AAPEX Interview: Nicole C. Kearney — Nicole C Kearney — AAPEX

Sunday, February 20, 2011

AAPEX Interview: Nicole C. Kearney

What role did theatre and the arts play in your childhood and upbringing?
As a child I lived on the east coast between New York and New Jersey. When in New York with my Great-grandmother (GG) Ruth, I always went to see Broadway shows. It was a requirement of hers to become well-rounded. At the time, I just thought it was something I was being made to do. As I got older, I really appreciated that my GG took time to make sure I had been exposed to such wonderfully cultural events such as Annie" and "Dreamgirls."

Tell us about your own evolution as an artist.
I've been writing since I was eight years old. My same GG gave me a Ziggy diary when I was 8. I was about to move to Europe and begin an exciting adventure. The diary was so I could capture it all. I kept a journal from the ages of 8 to about 22. I also started writing stories, beginning as a journalist, and then moving into freelance writing for magazines. I decided to try my hand at short stories, screenplays and finally stage plays. It was writing for the stage that became my passion. Seeing your words come to life in front of you and hearing the audience's reactions "real-time." There is no more awesome experience. My first play was written as an exercise. I was teaching myself. I joined a writer's group. After my first workshop experience, I was told my play had a lot of potential but needed lots of work. I kept at it. Then I sent it to a producer, Terrence Spivey, in New York. He informed me he would be unavailable. Four years later, in 2004, Terrence called and asked me if the play was ready for stage. He was now the Artistic Director at Karamu House in Cleveland, Ohio. In February 2005, my first play, "Shook Up: The Emmett Till Story," was on stage.  I was hooked. I've enjoyed a long-term producing relationship with Terrence and Karamu. I've also partnered with The Madame Walker Building in Indianapolis and the NAACP, Indianapolis branch to produce plays. Additionally, I've embarked on producing my own plays both inside and out of the fringe circuit. My last play, "And Ya Don't Stop, a hip hop play" was in the first annual Chicago Fringe Festival.

What is your mission as a playwright?
My creative expressions focus on those whose voices and images have been un- or under represented and/or marginalized by society. I'm a poetic, urban themed, socially concerned "documentary style" playwright. This documentary "style" of writing is different than the actual documentary theater as we know it.  I mix fiction with interview and other factual material in an attempt to arrive at deeper truth and authenticity. I continue to evolve my vision for theater that is relevant to our lives, poetic in its nature and committed to social change.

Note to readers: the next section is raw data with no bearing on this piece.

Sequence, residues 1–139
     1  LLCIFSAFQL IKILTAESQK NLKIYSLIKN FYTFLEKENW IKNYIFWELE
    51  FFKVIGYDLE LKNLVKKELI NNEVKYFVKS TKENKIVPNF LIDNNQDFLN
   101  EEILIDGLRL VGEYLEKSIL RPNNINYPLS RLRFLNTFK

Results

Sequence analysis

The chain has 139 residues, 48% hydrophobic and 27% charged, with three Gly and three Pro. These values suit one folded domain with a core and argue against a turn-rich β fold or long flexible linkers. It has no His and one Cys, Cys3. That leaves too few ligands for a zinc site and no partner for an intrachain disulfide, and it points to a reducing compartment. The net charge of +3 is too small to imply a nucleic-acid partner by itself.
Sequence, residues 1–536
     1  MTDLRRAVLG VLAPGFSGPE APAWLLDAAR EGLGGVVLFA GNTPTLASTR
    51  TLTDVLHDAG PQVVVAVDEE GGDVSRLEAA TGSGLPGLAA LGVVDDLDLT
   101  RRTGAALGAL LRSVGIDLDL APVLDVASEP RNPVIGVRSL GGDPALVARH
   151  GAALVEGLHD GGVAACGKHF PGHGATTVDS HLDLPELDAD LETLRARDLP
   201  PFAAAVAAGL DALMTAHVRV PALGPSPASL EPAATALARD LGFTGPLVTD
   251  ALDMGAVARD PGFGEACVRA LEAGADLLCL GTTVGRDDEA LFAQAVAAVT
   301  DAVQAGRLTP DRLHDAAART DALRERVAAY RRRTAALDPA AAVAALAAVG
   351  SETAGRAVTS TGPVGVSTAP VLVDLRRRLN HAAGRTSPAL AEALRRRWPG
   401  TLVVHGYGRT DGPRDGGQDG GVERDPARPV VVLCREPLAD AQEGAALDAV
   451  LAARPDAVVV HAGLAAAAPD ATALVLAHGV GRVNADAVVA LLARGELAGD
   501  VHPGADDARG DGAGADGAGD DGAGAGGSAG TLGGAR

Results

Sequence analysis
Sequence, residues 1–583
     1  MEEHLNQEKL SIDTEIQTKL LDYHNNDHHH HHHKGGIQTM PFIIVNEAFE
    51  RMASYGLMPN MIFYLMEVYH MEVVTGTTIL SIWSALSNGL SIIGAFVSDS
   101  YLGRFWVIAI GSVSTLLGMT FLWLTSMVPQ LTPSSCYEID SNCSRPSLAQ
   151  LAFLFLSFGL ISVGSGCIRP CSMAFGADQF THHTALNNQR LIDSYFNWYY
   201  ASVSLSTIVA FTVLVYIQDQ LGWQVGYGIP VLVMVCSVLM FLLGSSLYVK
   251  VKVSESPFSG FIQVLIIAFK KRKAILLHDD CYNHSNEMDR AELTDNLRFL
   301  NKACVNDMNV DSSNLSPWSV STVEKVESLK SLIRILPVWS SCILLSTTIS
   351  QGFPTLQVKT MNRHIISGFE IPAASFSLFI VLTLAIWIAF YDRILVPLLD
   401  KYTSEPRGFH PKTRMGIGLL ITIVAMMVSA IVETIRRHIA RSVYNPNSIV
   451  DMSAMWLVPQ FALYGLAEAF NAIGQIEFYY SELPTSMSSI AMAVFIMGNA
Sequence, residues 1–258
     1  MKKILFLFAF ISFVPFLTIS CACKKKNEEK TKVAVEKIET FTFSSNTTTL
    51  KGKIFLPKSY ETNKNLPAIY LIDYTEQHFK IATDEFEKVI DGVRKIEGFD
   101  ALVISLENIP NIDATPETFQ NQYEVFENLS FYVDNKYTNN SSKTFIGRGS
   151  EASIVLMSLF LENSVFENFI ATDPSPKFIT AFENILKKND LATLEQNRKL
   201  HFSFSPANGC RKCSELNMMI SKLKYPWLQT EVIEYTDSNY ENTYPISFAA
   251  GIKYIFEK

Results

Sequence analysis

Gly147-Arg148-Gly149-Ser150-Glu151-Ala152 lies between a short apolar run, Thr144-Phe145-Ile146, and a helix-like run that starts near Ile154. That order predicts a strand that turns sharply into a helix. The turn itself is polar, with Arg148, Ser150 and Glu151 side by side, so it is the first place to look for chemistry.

Tell us about your experiences with theatre in Chicago and how you find it as a theatre town.
Living three hours from Chicago, I have found it to be the theater mecca that is whispered about. There is something for everyone to see, from improv to naturalistic drama to revivals to new plays. In fact, Chicago's theater scene is built around new plays. The audience attends, ready to see something that will move them. They are open to anything new. This blend of audience willingness and the abundance of theaters creating good work makes Chicago "the town" to go to try doing and seeing new work. It has surpassed New York in many ways. Chicago has lower rents, eager actors and directors and a never-ending supply of playwrights. All these ingredients lead to new plays, new theater companies and a diverse and eclectic theater scene. This past fall, I became a participant in the Chicago theater scene when my hip hop play, "And Ya Don't Stop," was selected to be in the first annual Chicago Fringe Fest. It was a great experience. I found the process of finding affordable rehearsal/audition space, along with a director and actors to be fairly easy. It's my goal to begin producing and being produced in Chicago. I'm well on my way, as my play, "A Down Payment on Manhood: The Greensboro Four" play was produced last fall at eta Creative Arts, following the close of my hip hop play. This has opened the door to my building a relationship with eta that may see "And Ya Don' Stop" on stage at eta. Chicago is indeed my kind of town; a theater town open to all! It’s built on building relationships and continuing to be a presence! It's my hope to do that as well if I get selected for the 2011 2nd annual Chicago Fringe Fest.

 For more information about Nicole or her plays, please click the post's title.

Below is a video clip from Nicole's play "A Down Payment  on Manhood: the Greensboro Four.

Jaz Dorsey
AAPEX Dramaturg and Founder

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